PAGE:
On the ninth, ‘Krishnaji held the sixth Saanen discussion; this time on education. The questions were mostly poor. Madame Welser came for a treatment’—that was that paralyzed lady. ‘Peter Racz, the young Brazilian, and Bill Burmeister, a nice boy from California, came for lunch. At 3 p.m., Mrs. Henry Heller came to see me about the possibility of starting an Austrian committee. She’s a teacher of hatha yoga in Vienna and learnt it in India under a Raja yoga teacher, but she teaches only exercises. She also has classes in English for an atomic commission of the UN in Vienna [chuckles]. She was a Jewish refugee from Hitler, and her family went to Scotland.’ I don’t know why I tell all this, but anyway…‘She seemed businesslike, aware of things to be avoided, i.e., propaganda, interpretation, etc. Would want three others to form a committee under Austrian law. She has an apartment that could be used for offices.’ [Seems to make an aside:] I don’t think anything ever came of that, as far as I know.
M: ‘She seemed sensible and workmanlike in her approach. I suggested she write to Cadogan and see if during the winter she finds other seriously interested people to share the work and committee-hood. Then come here next summer and discuss further whether to become an accredited committee.’ Then I went for a back treatment’—I was having back treatments by a chiropractor. ‘Ran into Cragnolini, Pietro. He says the eclipse of the moon affected Krishnaji in his health because it was Aquarius or something. I met Krishnaji coming down the hill, and we went up. I paid a deposit on Tannegg for next summer. They have raised the rent by five thousand francs [chuckles] to eleven thousand for two months.’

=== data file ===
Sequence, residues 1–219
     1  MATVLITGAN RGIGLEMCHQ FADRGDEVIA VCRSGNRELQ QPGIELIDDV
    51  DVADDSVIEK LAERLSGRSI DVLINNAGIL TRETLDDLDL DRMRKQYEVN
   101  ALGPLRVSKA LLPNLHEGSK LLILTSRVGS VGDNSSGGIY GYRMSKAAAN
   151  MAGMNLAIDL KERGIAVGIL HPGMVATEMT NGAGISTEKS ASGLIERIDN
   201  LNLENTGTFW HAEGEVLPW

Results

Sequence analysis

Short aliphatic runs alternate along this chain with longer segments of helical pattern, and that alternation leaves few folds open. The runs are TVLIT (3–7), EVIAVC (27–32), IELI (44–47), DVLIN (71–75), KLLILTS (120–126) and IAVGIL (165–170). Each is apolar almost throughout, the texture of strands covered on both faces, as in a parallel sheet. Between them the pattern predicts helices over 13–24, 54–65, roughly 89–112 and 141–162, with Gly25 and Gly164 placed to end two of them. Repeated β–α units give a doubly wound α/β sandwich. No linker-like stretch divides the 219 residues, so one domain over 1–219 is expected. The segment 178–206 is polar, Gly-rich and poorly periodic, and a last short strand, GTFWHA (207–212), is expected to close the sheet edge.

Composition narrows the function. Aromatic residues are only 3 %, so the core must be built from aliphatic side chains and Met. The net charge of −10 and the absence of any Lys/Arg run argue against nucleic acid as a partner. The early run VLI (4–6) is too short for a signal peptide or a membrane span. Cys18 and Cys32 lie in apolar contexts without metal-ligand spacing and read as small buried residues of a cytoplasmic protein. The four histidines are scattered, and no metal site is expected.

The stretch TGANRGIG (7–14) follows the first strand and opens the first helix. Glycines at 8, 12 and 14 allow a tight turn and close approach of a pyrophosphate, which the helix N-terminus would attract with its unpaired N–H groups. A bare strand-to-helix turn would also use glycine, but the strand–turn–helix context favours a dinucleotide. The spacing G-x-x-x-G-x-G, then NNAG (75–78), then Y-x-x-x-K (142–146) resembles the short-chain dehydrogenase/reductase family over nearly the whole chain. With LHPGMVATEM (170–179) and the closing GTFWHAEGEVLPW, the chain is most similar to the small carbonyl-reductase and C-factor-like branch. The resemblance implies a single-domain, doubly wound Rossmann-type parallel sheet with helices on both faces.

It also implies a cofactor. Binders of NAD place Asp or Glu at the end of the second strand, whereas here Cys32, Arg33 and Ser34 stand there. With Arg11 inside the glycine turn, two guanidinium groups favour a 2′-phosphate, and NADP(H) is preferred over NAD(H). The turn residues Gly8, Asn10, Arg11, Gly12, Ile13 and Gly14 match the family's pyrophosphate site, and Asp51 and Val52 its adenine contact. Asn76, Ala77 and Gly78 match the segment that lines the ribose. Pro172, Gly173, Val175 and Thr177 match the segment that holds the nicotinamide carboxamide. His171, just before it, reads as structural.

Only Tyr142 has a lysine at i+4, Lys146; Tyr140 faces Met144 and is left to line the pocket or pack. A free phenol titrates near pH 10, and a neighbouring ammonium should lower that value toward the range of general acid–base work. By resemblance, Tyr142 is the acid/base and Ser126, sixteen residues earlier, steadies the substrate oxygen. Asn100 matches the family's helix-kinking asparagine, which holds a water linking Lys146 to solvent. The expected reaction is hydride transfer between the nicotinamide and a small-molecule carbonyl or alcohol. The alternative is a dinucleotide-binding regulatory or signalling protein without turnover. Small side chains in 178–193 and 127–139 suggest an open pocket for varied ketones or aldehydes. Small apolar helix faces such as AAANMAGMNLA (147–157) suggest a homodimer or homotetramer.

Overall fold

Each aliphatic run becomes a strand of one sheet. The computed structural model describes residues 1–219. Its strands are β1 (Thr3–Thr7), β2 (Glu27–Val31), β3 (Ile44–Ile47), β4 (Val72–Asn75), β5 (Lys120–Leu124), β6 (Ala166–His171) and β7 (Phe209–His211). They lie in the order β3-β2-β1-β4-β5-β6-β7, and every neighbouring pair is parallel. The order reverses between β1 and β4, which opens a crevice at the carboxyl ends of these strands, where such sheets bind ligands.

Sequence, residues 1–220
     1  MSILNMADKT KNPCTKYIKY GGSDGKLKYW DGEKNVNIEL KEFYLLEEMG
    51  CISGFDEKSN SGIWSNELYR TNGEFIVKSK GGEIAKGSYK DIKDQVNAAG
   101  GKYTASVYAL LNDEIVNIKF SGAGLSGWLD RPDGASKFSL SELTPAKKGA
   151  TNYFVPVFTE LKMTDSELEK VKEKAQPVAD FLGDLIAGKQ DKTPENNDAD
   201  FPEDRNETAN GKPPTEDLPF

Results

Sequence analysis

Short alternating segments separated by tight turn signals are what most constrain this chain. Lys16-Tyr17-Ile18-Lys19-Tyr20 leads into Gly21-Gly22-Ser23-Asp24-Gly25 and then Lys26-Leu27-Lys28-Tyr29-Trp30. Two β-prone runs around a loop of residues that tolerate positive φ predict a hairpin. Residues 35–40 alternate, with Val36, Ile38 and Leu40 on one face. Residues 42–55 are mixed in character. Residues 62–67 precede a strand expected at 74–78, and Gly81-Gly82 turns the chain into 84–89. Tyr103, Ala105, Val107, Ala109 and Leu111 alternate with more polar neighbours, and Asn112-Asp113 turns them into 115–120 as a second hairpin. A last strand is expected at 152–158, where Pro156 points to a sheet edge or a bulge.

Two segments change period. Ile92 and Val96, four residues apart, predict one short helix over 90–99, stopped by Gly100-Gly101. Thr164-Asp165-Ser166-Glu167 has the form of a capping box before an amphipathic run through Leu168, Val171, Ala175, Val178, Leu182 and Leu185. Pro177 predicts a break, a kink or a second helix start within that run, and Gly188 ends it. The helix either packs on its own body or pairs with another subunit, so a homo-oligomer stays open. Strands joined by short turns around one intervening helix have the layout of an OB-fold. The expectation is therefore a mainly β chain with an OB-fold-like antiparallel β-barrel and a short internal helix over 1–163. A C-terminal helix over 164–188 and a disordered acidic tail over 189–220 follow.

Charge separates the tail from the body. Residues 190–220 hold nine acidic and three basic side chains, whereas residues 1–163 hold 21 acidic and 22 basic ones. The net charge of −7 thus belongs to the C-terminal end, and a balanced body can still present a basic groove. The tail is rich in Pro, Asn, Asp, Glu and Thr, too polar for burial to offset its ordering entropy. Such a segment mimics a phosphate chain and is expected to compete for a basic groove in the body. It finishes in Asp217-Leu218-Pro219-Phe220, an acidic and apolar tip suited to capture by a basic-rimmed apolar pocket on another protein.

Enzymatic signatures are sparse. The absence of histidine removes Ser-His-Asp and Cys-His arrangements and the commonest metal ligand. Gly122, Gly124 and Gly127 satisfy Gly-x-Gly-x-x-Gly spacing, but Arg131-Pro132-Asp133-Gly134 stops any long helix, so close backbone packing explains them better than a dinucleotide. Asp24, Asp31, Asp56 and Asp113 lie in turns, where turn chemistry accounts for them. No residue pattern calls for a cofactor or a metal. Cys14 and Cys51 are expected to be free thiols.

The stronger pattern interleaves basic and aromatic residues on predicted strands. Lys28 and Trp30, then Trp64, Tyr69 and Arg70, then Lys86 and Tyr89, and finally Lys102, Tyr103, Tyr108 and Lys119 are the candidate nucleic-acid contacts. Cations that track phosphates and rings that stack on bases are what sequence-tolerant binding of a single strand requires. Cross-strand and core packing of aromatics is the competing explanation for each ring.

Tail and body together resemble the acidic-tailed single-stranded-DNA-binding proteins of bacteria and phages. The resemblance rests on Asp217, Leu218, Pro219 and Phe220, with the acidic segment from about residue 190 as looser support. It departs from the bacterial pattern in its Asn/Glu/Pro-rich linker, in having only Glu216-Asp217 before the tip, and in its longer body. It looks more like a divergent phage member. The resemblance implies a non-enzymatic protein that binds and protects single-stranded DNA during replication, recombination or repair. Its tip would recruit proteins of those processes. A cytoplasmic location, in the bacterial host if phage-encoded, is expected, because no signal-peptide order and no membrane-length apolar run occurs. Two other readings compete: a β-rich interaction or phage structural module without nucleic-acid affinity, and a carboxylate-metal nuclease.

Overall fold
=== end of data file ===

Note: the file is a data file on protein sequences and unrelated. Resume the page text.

On the tenth, ‘Krishnaji held his seventh Saanen discussion, completing this year. We had a quiet lunch alone. Dorothy and Jean-Michel Laborde’—that was the Jean-Michel that we’d talked about, and his wife.—I mentioned the couple earlier—Margot Laborde.
S: Right. So she went off?
S: But he stayed?
M: He stayed around for a while.
‘Dorothy, Jean-Michel Laborde, Sara Garetson, and Sunita Mahtani came for tea.’ Sunita and Sara were in the first group of Brockwood students…
S: Yes, yes.
M: …and in the film Can You Live This Way?
M: ‘Then, Krishnaji spoke to six young, lost-looking people who want to start a school as a result of yesterday’s discussion. They haven’t the vaguest qualifications or plans. [Both laugh.] Suarès brought a Monsieur Bey, editor of Stock, to greet Krishnaji briefly.’
The next day, ‘Madame Welser came at 9 a.m. Erna came to lunch, Theo was in Zurich. They leave on Saturday for Majorca before going home. I had a back treatment; met Krishnaji at the foot of the hill, and we walked up together. I dined with Suzanne and ‘met parts of their vast family, the van der Stratens’ [chuckling]. ‘The car was drenched with rain, and when I got back, just after nine o’clock, Krishnaji came out and said it must be wiped dry, so we did it.’ [Both laugh.] Oh, goodness!